Diagnosing Diverticulitis

Diverticulitis is a medical condition that can affect any portion of the digestive tract. It happens most commonly (but not exclusively) in the large intestine or colon. It occurs when a small, bulging pouch (called diverticula) forms somewhere in the digestive system and then becomes inflamed and/or infected. Diverticula in and of themselves are not uncommon, especially in people older than 40. Seldom do they cause problems and are frequently discovered during routine colon cancer screening tests, although in some case, diverticulitis may be more troublesome.

Prediagnosis signs

The signs and symptoms associated with diverticulitis are common to many gastrointestinal maladies; consequently, the process of diagnosing diverticulitis should start with an examination and consultation with your primary care provider. The more common signs of diverticulitis include lower left abdominal pain that may come on quite suddenly and intensely. Less frequently, the pain may start out as relatively mild and worsen over the course of a few days, with the intensity fluctuating back and forth between severe and mild. The afflicted person may experience change in bowel habits, abdominal bloating, nausea and vomiting, diarrhea, constipation, fever and rectal bleeding (in rare cases).

Diagnostic testing

In confirming the diagnosis of diverticulitis, one of a few different approaches may be employed, ranging from the minimally invasive all the way up to endoscopy. The choice of treatment will depend upon the location and severity of the diverticulitis. Regardless of which method is chosen, the physician will probably order some standardized lab tests to look for signs of infection or issues not related to the gastrointestinal tract.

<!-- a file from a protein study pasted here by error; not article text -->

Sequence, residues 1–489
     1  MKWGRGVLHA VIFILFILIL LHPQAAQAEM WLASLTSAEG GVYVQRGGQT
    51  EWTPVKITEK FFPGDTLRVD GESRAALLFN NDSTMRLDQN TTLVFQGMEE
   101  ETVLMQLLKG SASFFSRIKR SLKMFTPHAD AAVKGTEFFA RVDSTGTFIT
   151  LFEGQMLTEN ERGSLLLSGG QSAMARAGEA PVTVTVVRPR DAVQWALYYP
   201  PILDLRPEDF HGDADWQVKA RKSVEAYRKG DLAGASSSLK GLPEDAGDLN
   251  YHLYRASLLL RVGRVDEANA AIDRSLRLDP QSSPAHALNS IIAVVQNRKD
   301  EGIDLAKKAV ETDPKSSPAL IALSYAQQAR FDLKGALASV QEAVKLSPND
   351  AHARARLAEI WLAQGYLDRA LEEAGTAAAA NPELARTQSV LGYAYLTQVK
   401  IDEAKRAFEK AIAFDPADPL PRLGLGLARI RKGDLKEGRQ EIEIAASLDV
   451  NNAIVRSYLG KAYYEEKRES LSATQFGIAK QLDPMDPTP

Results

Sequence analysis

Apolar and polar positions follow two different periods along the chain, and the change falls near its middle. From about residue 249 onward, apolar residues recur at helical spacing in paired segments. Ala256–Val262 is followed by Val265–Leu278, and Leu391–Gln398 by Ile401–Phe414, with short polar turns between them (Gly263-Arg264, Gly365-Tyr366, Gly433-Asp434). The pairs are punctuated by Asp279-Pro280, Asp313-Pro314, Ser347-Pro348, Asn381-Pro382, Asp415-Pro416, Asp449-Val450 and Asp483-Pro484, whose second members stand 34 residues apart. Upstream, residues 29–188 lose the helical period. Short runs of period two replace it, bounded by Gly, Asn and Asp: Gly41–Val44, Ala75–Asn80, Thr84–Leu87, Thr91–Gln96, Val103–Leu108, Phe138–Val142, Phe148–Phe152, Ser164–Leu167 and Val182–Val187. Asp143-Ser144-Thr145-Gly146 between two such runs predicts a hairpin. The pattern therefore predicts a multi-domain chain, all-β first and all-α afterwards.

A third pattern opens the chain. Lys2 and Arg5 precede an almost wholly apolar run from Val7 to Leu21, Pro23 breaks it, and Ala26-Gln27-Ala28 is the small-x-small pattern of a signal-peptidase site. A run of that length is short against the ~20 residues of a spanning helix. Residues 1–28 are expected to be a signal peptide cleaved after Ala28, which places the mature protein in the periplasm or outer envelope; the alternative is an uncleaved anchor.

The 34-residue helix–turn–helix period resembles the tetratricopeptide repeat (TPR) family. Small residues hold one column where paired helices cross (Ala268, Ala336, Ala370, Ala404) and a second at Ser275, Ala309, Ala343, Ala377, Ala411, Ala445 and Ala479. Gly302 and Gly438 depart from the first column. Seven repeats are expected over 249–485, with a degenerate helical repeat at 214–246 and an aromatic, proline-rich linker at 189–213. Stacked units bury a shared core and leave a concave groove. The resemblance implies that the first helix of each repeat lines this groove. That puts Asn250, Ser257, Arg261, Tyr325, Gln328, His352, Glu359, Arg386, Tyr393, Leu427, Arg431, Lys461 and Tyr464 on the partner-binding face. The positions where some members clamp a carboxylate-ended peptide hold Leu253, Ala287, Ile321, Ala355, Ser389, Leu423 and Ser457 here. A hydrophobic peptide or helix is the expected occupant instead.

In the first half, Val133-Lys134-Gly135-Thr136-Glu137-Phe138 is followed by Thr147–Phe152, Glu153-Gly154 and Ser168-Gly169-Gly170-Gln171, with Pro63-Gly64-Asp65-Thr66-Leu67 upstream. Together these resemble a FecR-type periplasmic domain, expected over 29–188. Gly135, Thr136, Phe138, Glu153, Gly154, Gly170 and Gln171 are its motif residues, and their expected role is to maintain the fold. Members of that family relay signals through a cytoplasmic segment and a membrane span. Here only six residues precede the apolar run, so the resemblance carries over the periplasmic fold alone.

The minimally invasive option for diagnosing diverticulitis involves one of a couple of different technologies. Computerized axial tomography (CAT) scan with oral and/or intravenous radiopaque contrast is a common diagnostic tool. It routinely identifies 98 percent of diverticulitis cases. It can be used for diverticulitis in any part of the digestive tract and has the added advantage of eliminating the risk of bowel perforation in severely or chronically inflamed colon walls.

A second minimally invasive diagnostic tool is the barium enema or lower GI series. This involves introducing barium sulfate contrast into the lower intestine via the rectum, holding the contrast in place with a balloon-tipped catheter and then using an X-ray fluoroscope to monitor the movement of the contrast through the large bowel. This method allows for contrast visualization of abnormalities in the intestines.

Colonoscopy offers the most invasive but also the most accurate diagnostic tool. This is where a flexible endoscope is introduced into the lower gastrointestinal tract via the rectum. The physician can then directly view the colon and assess any abnormalities that might be detected. The primary drawback to colonoscopy is that it is contraindicated in cases where the bowel may be chronically or severely inflamed, due to the potential for intestinal perforation.

When to suspect diverticulitis

There are a number of factors that increase your risk of developing diverticulitis. Most commonly, the condition can develop with age and may be higher if there is a family history of certain genetically linked gastrointestinal conditions. Smoking, obesity, a low-fiber diet and insufficient exercise may all contribute to developing diverticulitis. If you experience the common signs and fall into one of these risk categories, seek a medical assessment immediately.

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